"At Seattle BioMed, we believe that everyone has a role to play in improving the health of mothers and children,” said Michael Podlin, vice president of institutional advancement of Seattle BioMed.
Seattle, WA (PRWEB) March 26, 2010
Flowers and chocolates are fleeting. But the gift of hope can endure. This Mother’s Day, there might be no better way to honor the most important women in your life than by giving life and hope to another mother and her child in a place where help is needed most.
Instead of material gifts, Seattle Biomedical Research Institute (Seattle BioMed) is providing the opportunity to give The Gift of Hope, an investment in global health research conducted by researchers who are also mothers. Go to http://www.seattlebiomed.org/hope to learn more about Seattle BioMed’s research from the scientists themselves, and then make a gift on behalf of your mom or another significant mother in your life.
“Researchers at Seattle BioMed believe every mother deserves a healthy child, and that every child deserves a healthy mother,” said Ken Stuart, president and founder at Seattle BioMed. “In fact, some of our best researchers are mothers themselves who are focused on discovering new life-saving solutions and inspired by the greatest gift of all: hope for a healthy future. But devastating infectious diseases— HIV/AIDS, malaria and tuberculosis—often stand in the way.”
The Gift of Hope: A Mother’s Love is Global campaign will run from Thursday, March 25, through Monday, May 10, and features three mothers and Seattle BioMed researchers: Kristi Guinn, Helen Horton and Marissa Vignali, who focus on tuberculosis, HIV/AIDS and malaria, respectively. Each has a unique story to tell about her passion for global health:
- Kristi Guinn loves her work because every day is different, bringing new and interesting challenges. She loves the nature of academic research, seeking answers to novel questions.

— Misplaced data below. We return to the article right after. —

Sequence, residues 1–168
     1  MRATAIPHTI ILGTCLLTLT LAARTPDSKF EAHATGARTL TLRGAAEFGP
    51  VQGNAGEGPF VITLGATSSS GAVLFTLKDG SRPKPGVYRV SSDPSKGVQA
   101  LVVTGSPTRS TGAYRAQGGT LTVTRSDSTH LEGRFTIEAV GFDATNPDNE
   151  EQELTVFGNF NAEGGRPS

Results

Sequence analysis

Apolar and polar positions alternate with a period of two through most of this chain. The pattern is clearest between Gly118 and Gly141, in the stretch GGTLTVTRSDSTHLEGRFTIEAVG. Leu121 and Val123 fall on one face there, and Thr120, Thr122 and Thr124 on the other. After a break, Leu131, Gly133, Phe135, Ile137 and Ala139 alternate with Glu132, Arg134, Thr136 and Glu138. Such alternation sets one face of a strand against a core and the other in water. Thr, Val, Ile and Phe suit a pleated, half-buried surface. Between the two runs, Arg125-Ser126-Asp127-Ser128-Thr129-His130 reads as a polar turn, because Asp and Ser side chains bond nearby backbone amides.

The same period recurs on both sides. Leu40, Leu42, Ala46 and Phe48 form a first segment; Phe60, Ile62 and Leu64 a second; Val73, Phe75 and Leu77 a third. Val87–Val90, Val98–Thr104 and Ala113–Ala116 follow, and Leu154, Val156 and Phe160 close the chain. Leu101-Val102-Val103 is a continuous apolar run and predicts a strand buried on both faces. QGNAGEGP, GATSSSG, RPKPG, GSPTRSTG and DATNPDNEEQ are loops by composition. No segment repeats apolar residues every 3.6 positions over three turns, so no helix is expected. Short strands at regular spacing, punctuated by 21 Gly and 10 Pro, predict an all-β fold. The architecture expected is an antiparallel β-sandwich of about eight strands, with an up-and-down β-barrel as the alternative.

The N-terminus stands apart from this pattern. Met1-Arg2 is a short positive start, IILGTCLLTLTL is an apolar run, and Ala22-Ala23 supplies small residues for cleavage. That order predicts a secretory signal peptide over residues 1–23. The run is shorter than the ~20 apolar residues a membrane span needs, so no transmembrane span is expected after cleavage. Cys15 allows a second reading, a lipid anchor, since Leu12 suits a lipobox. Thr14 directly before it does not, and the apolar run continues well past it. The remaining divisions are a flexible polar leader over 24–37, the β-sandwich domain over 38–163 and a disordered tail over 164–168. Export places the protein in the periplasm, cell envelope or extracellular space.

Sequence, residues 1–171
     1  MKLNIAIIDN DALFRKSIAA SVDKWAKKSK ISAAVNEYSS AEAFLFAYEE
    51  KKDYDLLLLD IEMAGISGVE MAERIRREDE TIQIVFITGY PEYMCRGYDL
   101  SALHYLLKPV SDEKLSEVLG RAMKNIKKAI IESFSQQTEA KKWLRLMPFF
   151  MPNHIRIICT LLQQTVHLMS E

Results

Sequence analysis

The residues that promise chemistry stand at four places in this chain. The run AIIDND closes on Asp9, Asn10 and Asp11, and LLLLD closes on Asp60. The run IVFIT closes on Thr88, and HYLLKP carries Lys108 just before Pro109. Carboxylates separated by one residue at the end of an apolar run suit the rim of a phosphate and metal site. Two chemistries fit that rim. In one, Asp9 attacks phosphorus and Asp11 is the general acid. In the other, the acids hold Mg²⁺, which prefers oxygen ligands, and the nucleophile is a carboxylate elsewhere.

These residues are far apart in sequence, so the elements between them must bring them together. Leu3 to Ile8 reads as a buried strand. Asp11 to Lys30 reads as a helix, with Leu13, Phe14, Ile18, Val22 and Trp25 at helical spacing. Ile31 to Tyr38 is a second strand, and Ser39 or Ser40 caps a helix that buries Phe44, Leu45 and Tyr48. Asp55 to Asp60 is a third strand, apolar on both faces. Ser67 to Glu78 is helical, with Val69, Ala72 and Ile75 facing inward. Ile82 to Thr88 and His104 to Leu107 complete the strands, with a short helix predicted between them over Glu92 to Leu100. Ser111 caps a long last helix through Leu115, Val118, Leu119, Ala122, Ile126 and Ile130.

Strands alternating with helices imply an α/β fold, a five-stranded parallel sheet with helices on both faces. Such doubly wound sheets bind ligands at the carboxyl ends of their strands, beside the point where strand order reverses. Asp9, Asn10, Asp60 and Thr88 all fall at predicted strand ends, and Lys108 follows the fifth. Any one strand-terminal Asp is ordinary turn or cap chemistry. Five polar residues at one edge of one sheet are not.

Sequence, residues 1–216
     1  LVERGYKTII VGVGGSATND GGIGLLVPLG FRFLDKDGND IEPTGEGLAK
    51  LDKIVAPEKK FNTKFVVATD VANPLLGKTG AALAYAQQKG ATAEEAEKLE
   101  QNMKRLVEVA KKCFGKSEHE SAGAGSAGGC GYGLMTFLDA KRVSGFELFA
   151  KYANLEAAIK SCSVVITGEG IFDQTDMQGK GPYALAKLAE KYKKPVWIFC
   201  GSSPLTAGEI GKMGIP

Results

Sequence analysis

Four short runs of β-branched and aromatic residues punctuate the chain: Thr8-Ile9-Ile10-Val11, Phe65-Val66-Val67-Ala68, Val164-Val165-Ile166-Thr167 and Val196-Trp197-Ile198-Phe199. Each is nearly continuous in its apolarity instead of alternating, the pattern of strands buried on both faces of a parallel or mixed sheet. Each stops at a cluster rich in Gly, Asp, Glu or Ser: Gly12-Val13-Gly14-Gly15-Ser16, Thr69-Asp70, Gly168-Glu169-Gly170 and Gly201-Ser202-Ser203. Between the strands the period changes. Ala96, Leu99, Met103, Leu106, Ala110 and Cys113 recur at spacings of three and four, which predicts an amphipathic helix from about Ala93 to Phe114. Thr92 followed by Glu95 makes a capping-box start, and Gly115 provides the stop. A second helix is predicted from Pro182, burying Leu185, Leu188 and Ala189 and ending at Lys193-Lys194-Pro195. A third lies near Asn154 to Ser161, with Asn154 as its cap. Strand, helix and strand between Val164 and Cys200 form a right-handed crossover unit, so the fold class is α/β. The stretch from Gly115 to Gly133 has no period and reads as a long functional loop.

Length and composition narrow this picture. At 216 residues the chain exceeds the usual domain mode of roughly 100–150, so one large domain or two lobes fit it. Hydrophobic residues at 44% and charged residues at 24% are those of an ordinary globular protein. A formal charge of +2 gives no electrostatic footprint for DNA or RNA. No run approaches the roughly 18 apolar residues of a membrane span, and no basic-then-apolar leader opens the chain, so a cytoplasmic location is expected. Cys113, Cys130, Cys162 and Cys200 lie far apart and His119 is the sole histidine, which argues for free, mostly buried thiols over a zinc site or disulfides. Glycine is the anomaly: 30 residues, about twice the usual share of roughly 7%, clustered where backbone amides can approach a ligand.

“In global health, there is an additional level of satisfaction knowing that the answers our research uncovers can improve people's lives around the world,” Guinn explains. “My personal goal is to find out how tuberculosis kills 2 million people every year.”
- Helen Horton took some time off to travel the world after completing her postdoctoral studies. During her travels, one African villager spotted her t-shirt emblazoned with “Dr. Horton’s World Tour” and, honing in on the word “doctor,” asked if she could explain HIV/AIDS.
“After that conversation, I knew that researching HIV/AIDS was the most important contribution I could make,” Horton said.
- Marissa Vignali can’t bear that infectious diseases seem to inordinately target mothers and children. She is trying to figure out why some children develop severe malaria—a very serious disease that kills 1 million children under the age of 5 every year—while others experience a much milder form of the disease. This particular statistic concerns her most, as Vignali’s own daughter just turned 6.
“Infectious diseases don’t respect borders,” Vignali said. “It is my personal crusade to develop a vaccine that reduces the enormous morbidity and mortality of severe malaria in children.”
The Mother’s Day campaign is designed to raise visibility of the need to improve women’s and children’s health, while also providing the opportunity to make a lasting and meaningful Mother’s Day gift that will benefit children and women around the world. Those giving gifts will receive a special Mother’s Day card featuring photos of moms and children from around the world to share with the person they gave in honor of.
“The old cliché is true: every bit helps. At Seattle BioMed, we believe that everyone has a role to play in improving the health of mothers and children,” said Michael Podlin, vice president of institutional advancement of Seattle BioMed. “Your gift has added power when it’s combined with support from other contributors. By giving a gift—of any amount—you are supporting our vital research, which ultimately results in the best gift of all: the gift of hope.”
Connect with Seattle BioMed and the Gift of Hope initiative on Facebook (http://www.facebook.com/home.php#!/pages/Seattle-Biomedical-Research-Institute/66677864590?ref=ts) or Twitter (http://twitter.com/SeattleBioMed/) to share stories about why you chose to honor your mother with a gift of research this Mother’s Day.
About Seattle BioMed
Seattle Biomedical Research Institute (Seattle BioMed) is the largest independent, non-profit organization in the US focused solely on infectious disease research. Our research is the foundation for new drugs, vaccines and diagnostics that benefit those who need our help most: the 14 million who will otherwise die each year from infectious diseases, including malaria, HIV/AIDS and tuberculosis. Founded in 1976, Seattle BioMed has nearly 350 staff members. By partnering with key collaborators around the globe, we ensure that our discoveries will save lives sooner. For more information, visit http://www.seattlebiomed.com.